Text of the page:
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My Experience Being a Transfer Student in a Pandemic

When COVID first hit my college, I, like many, thought, “oh, great, I get an extended spring break!” This was especially exciting for me because at the time, I was not crazy about the college I was attending, struggling to find the community I hoped for. Little did I know that when I left for this “extended break,” I would not be returning to my school ever again. 

In early March 2020, I was already busy pondering a potential transfer. At the time, I went to a small, liberal arts college which, although was a really good school, I can’t say that I was happy there. The school only had about 2,000 students, which meant that sporting events, concerts, and even parties were underwhelming. When I couldn’t meet people in my classes, I turned to clubs to find people with similar interests. But when I went to the school involvement fair, there were very few clubs, and not many of them had to do with my interests and hobbies. On top of it all, I was very homesick, being over 1,000 miles from my home in Colorado. It seemed to make sense to transfer. And then came COVID. My one week spring break turned into a semester online. Being back at home made me realize that I did want to be back in-state. So with that, I had made the decision to transfer here to CU Boulder. 

Although I was excited to transfer to Boulder, my first year was not easy. I felt like I had moved to Boulder just to sit in my apartment doing online classes. Along with all of my classes, most clubs went all online or completely went off the radar for that year. It was turning out to be what seemed like another lonely year of college. But I knew that if I didn’t transfer, I would be doing the same thing somewhere else – I knew that this year was going to be a challenge either way.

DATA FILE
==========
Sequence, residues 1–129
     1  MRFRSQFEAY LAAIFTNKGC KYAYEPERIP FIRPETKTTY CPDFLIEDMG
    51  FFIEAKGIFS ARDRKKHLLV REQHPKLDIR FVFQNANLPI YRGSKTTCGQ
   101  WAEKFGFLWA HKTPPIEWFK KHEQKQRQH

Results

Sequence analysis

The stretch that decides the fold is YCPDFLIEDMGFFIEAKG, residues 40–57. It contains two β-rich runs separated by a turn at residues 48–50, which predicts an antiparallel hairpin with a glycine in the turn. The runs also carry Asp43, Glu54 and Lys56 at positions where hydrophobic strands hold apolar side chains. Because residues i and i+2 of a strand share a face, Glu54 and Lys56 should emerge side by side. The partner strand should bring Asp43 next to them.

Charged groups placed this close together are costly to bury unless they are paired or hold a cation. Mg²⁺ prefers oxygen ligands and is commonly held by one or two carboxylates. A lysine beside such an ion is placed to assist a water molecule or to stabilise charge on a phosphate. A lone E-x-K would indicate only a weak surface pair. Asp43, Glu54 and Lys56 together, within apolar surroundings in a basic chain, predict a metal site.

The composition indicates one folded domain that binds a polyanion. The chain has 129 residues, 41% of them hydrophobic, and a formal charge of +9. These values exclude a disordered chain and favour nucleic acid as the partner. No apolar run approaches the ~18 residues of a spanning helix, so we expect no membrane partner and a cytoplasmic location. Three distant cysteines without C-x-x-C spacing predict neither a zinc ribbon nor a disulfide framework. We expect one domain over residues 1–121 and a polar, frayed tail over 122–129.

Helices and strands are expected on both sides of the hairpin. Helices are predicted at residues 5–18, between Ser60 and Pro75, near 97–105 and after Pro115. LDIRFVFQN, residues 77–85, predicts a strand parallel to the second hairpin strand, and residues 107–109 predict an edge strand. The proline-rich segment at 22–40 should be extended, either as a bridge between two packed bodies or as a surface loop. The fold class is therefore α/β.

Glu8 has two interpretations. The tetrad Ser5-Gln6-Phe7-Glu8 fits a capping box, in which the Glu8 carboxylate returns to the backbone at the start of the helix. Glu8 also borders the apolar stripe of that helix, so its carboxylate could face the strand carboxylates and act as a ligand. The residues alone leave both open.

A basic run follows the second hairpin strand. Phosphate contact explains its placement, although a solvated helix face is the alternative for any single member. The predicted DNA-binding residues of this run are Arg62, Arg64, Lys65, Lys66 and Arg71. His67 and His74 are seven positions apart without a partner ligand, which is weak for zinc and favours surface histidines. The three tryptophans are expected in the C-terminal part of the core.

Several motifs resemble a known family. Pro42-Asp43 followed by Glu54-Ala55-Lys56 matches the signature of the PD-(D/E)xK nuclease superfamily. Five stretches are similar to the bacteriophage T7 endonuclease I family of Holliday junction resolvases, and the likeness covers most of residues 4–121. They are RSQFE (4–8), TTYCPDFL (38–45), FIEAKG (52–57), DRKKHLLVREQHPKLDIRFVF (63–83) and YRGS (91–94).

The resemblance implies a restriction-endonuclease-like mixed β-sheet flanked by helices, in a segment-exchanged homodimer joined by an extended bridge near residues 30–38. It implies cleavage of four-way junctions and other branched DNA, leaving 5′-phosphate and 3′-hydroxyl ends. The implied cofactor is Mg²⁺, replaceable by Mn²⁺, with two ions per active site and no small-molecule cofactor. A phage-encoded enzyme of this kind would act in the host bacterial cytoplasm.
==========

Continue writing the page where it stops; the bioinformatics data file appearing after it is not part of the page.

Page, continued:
The transition was tough mentally and emotionally, but it also gave me a lot of time to think about how I wanted to make changes in my academic and social lives. This year, classes are back in person. Clubs are holding informational meetings and are gathering on campus. Things are starting to look up. And if there’s anything that my year in isolation taught me, it’s what not to do. It took me that one whole year of sitting alone to realize that I don’t want to do that ever again. It took a year of not meeting anyone, not doing anything to get me out of bed, not doing anything to make me better, to teach me that I was ready to make my new school my own. Living in total isolation was awful, but now that things are changing, I don’t want to just sit around and wait for opportunities to come to me because they might just not. This year, I am getting out and I’m doing stuff, because now I see that these experiences could be taken away from us at any given moment. And I don’t want to look back and say I did absolutely nothing during my time in college, especially at a beautiful school like CU Boulder.

I’m not going to sugarcoat it – transferring was not easy, and it wasn’t made any easier by the pandemic.  But coming out of it with a drive and passion to make this a good year at my new school was worth every minute of it. 

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Olivia Vasquez

CU Boulder '23

Olivia is a junior at CU majoring in ecology and evolutionary biology. She enjoys being creative by doing activities such as singing, drawing, painting, and crocheting. When she is not doing these things, she is probably getting overly attached to fictional characters.
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